peteg's blog - hacking - nixie clock - 2010 01 06 Nixie PS

The millionth nixie clock

/hacking/nixie_clock | Link

Late last year in a fit of procrastination I decided to try to build a nixie clock, following in the footsteps of multitudes. To that end I ordered some tubes and driver ICs from a bloke in Moscow who was amenable to a bit of bargaining. I have to wonder how the Russians get their hands on these new-old-stock devices from the cold war era.

I received the tubes — IN-8-2's, with long solderable wires — yesterday after about a fortnight, well packed. They are a bit larger than I expected.

For a power supply I synthesised something using an MC36043 switch-mode controller from a few designs around the net. If I was going to start from scratch now I would simply follow this guy's design and advice. I think he's quite active on the nixie mailing list.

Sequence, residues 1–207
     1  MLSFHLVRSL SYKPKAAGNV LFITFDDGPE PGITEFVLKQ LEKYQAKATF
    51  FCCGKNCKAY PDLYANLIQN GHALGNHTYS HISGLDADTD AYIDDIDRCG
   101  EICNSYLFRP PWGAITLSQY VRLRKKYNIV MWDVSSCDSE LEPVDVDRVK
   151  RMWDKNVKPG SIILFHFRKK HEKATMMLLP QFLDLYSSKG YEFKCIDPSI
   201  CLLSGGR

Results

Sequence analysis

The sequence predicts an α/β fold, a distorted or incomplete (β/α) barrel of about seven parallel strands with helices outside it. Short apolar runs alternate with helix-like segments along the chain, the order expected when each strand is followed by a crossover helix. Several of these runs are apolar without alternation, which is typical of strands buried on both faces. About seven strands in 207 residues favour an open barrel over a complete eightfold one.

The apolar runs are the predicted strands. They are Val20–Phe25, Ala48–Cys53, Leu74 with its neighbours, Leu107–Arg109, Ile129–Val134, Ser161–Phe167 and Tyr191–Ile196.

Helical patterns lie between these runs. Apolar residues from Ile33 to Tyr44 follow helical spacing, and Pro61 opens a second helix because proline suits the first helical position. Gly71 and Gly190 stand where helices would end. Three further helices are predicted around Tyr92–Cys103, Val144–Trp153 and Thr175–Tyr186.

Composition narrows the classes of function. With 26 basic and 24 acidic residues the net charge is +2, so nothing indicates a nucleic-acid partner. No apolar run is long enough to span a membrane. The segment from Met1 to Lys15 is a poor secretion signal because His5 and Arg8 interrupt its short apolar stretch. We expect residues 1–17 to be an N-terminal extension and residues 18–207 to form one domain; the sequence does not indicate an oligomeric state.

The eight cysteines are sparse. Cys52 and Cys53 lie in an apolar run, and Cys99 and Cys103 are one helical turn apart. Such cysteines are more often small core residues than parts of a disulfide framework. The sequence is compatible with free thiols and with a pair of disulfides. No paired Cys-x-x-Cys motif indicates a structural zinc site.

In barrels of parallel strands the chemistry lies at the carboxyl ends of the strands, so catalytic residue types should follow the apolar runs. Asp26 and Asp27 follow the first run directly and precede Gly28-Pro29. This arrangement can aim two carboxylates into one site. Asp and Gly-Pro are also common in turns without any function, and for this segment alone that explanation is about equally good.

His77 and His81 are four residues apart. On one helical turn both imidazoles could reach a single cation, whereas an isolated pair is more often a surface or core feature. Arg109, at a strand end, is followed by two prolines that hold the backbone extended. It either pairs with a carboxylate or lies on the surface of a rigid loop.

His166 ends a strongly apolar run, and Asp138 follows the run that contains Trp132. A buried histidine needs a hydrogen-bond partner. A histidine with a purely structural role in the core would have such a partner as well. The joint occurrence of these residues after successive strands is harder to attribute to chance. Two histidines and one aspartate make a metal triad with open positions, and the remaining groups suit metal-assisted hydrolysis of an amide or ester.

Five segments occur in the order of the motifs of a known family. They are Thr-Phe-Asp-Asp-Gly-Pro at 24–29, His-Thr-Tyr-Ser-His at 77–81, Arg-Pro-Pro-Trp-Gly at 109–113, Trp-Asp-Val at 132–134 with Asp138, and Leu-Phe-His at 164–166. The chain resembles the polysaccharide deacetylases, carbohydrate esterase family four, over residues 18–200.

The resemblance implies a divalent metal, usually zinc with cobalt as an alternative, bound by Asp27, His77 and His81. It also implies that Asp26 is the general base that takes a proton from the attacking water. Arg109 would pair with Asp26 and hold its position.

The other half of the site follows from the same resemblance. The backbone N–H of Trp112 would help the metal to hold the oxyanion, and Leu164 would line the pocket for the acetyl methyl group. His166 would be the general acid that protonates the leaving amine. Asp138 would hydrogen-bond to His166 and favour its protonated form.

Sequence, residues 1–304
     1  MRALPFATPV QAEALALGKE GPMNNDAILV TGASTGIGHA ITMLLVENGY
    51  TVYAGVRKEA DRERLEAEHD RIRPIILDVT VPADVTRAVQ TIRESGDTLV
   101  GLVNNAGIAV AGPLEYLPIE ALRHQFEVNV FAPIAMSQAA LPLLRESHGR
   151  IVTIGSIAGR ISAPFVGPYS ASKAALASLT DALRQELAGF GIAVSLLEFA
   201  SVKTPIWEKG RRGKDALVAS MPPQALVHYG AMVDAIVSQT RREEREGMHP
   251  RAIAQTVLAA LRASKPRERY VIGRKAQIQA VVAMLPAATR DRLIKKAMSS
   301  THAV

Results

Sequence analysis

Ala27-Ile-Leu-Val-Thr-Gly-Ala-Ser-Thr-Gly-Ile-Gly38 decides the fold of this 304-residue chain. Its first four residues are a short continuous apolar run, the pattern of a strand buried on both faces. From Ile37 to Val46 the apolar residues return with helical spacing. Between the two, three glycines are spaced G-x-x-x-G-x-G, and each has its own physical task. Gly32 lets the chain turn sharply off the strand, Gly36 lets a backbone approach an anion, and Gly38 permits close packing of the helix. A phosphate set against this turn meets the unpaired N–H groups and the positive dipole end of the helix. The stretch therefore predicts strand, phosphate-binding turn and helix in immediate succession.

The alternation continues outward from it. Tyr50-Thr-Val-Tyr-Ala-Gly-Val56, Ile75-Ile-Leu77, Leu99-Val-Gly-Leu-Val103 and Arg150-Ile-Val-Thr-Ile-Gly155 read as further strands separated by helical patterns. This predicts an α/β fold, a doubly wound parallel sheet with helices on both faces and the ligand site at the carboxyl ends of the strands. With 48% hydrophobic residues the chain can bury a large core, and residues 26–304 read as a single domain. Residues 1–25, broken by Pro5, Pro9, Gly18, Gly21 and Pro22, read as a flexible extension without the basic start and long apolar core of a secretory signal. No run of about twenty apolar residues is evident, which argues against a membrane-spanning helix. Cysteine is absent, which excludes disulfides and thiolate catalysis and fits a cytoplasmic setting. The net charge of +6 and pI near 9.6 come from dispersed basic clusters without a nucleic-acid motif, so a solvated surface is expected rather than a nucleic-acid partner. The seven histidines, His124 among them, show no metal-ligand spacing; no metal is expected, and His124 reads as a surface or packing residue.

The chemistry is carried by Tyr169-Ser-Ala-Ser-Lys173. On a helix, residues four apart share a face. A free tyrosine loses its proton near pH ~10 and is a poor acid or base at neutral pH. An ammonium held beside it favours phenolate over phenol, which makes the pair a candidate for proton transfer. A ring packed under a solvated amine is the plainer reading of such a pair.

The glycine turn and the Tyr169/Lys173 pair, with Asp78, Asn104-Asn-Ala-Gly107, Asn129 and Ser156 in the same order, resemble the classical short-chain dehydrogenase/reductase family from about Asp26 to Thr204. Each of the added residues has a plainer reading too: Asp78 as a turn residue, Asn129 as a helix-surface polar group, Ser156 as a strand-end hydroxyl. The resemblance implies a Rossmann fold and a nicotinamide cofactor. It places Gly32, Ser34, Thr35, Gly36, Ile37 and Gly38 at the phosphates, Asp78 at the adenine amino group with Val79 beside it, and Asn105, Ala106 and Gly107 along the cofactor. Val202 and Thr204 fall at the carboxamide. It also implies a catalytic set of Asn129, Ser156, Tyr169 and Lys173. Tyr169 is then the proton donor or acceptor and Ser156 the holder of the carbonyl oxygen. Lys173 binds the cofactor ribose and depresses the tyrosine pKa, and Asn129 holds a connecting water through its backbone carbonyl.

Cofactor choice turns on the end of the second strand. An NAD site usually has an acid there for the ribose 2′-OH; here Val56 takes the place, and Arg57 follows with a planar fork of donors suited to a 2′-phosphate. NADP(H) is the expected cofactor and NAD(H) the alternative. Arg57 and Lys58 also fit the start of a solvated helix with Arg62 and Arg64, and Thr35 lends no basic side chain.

Anyway, what I've got does fire up the tube, as you can see. It generates an open-circuit 180v or so that sags to 160-170v with the tube connected. I think this is due to my overly conservative current limiting resistor in the power supply - with a 11kΩ anode resistor the tube itself seems happy, though I won't be using such a small one long-term. From what I've measured the efficiency is at best 70%.

Many of the elements of this sacrificial nixie tube don't fire up evenly, which might be due to cathode poisoning. I have found that burning each digit in for a few hours greatly improves the coverage, reducing this partial illumination, but it remains to be seen if all digits come completely good.

The supply also generates copious amounts of RF interference, which I'm hoping some more capacitors will fix. Haven't shocked myself yet, but I am sure I will. The next step is to try to hook the driver ICs up to Andrew T's ts7260 ARM board, and see if I can bring the nixie under software control. Yes, this board is massively overkill just for a clock, but as all engineers know, you can never have too much overkill.